physical activity

Enhancing motivation

Enhancing motivation in others

We cannot motivate someone else. But we can create an environment that enables others to feel motivated.

It is not possible to motivate someone else. However, it is possible for you, as a practitioner, to create an environment that enables parents to feel autonomously motivated to change their family’s lifestyle behaviours (which makes successful change more likely). Even if a parent comes to see you for a controlled reason (e.g. they feel pressured by other people) the way you interact with them can help them develop an autonomous motivation to change.

Guiding and directive approaches

It is possible to support a parent to develop autonomous motivation during the time you spend with them.  If you communicate in a way that supports the psychological needs of autonomy, competence and relatedness, parents are more likely to feel autonomously motivated to change.  This can be done be using a “guiding approach” and avoiding a “directive approach”:

A guiding approach (supports autonomy, competence and relatedness).  This is where the clinician encourages the parent to generate their own ideas and make their own decisions based on their values and beliefs and listens supportively, offering their expertise when necessary. Taking this approach the clinician has the overall control of the direction of the consultation, but the responsibility and choice for change lies with the parent.

A directive approach (diminishes autonomy, competence and relatedness).   Often health professionals believe their role is to tell parents what to do, and how to do it. This is called a directive approach and can reduce parents’ feelings of autonomy, competence and relatedness (thus reducing autonomous motivation). If a practitioner tells someone what to do with little consideration for the parent’s situation (i.e. a directive approach) parents are likely to generate barriers and feel reluctant to change their behaviour. 

Read the two fictional case studies below to see how the doctor’s approach affects Nicola’s motivation to help her overweight son.

CASE STUDY – NICOLA (VISIT TO DOCTOR A – DIRECTIVE APPROACH)

Nicola recently took her 3-year old, Jack, to Doctor A as he had a bad cough. Doctor A looked at Jack and told Nicola he is probably ill because he is overweight.  He told her she needs to do something about this by forcing Jack to eat healthily and get him active otherwise he could get heart disease when he is older.  This made Nicola angry because she doesn’t think Jack looks overweight and his friends are all the same size.  Anyway, how is she meant to do those things living where she lives and with hardly any money?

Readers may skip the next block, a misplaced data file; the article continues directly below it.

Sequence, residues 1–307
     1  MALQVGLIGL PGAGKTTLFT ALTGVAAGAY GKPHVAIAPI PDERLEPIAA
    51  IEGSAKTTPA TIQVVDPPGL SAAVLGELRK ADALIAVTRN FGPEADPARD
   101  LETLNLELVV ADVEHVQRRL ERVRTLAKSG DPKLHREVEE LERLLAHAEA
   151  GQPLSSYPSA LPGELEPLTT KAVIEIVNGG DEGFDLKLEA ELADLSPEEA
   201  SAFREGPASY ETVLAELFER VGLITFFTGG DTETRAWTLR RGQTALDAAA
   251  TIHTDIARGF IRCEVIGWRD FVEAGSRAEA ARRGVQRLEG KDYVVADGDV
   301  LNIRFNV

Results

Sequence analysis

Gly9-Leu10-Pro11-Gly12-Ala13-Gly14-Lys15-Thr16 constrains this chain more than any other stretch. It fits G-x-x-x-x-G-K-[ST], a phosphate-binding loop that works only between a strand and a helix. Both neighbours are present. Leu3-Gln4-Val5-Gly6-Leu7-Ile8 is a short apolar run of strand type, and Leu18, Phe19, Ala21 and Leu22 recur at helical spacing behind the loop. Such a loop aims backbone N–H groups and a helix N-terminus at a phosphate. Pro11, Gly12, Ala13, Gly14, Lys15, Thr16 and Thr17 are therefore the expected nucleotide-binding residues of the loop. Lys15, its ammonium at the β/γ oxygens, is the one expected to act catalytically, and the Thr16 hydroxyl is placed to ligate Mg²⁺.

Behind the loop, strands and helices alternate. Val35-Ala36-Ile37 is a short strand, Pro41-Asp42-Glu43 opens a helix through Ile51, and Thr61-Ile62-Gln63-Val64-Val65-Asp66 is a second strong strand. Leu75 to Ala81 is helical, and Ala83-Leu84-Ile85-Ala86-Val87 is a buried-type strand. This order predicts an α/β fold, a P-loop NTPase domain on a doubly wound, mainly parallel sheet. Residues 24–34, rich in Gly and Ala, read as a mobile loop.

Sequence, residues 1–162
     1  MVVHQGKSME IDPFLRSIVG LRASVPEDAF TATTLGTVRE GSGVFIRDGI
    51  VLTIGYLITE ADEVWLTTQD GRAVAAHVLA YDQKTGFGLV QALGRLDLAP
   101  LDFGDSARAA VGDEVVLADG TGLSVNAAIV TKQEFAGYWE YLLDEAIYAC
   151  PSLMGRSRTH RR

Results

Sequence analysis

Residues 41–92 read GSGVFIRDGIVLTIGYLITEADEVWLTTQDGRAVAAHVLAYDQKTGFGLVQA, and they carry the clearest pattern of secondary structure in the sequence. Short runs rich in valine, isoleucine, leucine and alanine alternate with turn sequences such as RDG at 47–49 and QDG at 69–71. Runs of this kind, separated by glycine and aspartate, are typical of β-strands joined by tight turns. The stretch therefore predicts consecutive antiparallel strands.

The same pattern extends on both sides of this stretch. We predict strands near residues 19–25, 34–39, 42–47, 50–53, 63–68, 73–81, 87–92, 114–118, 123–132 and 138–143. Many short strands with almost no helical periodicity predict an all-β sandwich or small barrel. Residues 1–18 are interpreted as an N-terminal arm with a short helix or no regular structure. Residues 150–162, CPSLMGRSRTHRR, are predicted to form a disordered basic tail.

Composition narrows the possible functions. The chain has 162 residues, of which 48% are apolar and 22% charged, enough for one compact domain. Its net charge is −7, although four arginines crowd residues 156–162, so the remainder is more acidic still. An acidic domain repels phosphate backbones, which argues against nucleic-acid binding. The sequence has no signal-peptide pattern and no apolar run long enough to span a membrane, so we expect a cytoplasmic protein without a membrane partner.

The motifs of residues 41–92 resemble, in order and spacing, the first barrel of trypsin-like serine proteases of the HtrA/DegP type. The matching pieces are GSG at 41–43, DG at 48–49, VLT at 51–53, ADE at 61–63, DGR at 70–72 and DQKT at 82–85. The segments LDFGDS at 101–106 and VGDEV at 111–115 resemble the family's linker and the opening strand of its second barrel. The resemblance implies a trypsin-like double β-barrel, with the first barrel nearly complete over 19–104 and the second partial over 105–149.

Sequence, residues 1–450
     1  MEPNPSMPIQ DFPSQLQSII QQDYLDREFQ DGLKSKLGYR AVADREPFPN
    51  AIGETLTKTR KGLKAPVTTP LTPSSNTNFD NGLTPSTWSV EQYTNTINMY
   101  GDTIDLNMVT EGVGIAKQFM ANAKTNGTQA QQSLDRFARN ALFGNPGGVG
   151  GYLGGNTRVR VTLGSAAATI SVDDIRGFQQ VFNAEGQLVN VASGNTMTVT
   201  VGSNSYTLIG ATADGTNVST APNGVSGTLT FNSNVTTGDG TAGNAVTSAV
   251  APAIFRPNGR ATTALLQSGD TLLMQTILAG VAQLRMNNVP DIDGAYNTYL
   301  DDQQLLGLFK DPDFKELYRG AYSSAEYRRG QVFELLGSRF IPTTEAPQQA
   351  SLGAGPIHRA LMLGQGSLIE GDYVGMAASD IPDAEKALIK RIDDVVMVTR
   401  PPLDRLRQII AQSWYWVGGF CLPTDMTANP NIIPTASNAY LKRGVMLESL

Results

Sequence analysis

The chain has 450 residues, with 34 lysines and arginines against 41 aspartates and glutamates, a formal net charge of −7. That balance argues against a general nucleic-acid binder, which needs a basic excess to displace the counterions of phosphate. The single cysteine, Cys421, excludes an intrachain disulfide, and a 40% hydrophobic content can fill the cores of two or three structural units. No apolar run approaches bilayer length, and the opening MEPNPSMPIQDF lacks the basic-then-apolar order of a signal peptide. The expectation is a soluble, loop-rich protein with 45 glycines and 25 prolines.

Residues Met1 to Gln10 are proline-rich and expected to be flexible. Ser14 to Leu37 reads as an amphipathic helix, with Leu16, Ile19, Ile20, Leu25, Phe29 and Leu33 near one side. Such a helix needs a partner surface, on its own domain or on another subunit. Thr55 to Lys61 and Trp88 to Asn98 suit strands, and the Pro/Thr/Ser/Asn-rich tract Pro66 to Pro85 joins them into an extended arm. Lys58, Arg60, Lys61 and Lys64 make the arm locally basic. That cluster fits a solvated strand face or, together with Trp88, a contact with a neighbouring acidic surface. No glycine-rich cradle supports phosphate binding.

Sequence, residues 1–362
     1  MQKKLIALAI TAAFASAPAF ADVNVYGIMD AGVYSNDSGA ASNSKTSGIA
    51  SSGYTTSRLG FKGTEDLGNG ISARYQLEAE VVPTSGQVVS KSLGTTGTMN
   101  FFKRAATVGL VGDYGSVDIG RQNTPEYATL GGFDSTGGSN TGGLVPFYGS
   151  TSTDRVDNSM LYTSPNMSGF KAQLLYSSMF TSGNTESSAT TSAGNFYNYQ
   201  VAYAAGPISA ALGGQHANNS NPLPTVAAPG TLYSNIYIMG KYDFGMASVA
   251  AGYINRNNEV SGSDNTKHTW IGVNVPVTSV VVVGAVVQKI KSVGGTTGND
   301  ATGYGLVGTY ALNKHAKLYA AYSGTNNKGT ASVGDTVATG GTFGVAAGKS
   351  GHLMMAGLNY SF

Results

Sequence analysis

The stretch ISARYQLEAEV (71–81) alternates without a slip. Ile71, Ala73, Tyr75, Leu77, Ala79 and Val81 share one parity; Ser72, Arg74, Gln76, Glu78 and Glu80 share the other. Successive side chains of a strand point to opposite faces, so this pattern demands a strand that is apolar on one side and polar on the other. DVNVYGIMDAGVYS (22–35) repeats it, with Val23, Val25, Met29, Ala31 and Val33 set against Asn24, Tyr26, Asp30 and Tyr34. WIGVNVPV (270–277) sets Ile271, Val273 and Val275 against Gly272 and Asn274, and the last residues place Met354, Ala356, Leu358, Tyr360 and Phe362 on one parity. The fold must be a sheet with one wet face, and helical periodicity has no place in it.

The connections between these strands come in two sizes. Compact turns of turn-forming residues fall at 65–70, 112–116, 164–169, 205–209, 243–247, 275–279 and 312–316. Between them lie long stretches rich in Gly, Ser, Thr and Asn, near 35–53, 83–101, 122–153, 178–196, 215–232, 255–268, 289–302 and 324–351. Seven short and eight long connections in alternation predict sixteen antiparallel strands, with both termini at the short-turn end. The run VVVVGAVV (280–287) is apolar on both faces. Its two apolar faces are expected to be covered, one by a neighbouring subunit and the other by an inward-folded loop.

CASE STUDY – NICOLA (VISIT TO DOCTOR B – GUIDING APPROACH)

Nicola recently took her 3-year old, Jack, to Doctor B as he had a bad cough.   Doctor B was really kind-natured and high-fived Jack when they got there.  He asked if he could ask Nicola some questions about Jack’s lifestyle. He then asked her to talk through a typical day and some typical foods Jack likes to eat.  He weighed and measured Jack and talked Nicola through the BMI charts, explaining where Jack fits on the chart.   Nicola was surprised and upset to see Jack was overweight so asked Doctor B what she could do about this.   Doctor B talked through Jack’s physical activity with Nicola, carefully explaining how children of Jack’s age can increase their activity in fun ways.  He then asked Nicola to come up with some ideas for doing this herself, which made her feel ‘actually there are some things I could do’.  

Although the conversation was a bit of a shock, Nicola felt like the doctor cared and this left her wanting to do something about it.   She agreed to go back and see him next month to talk through how she’d been getting on (and felt ok about this, because Doctor B had made clear not to worry if she struggled to do these things at first, it’s just about taking small steps).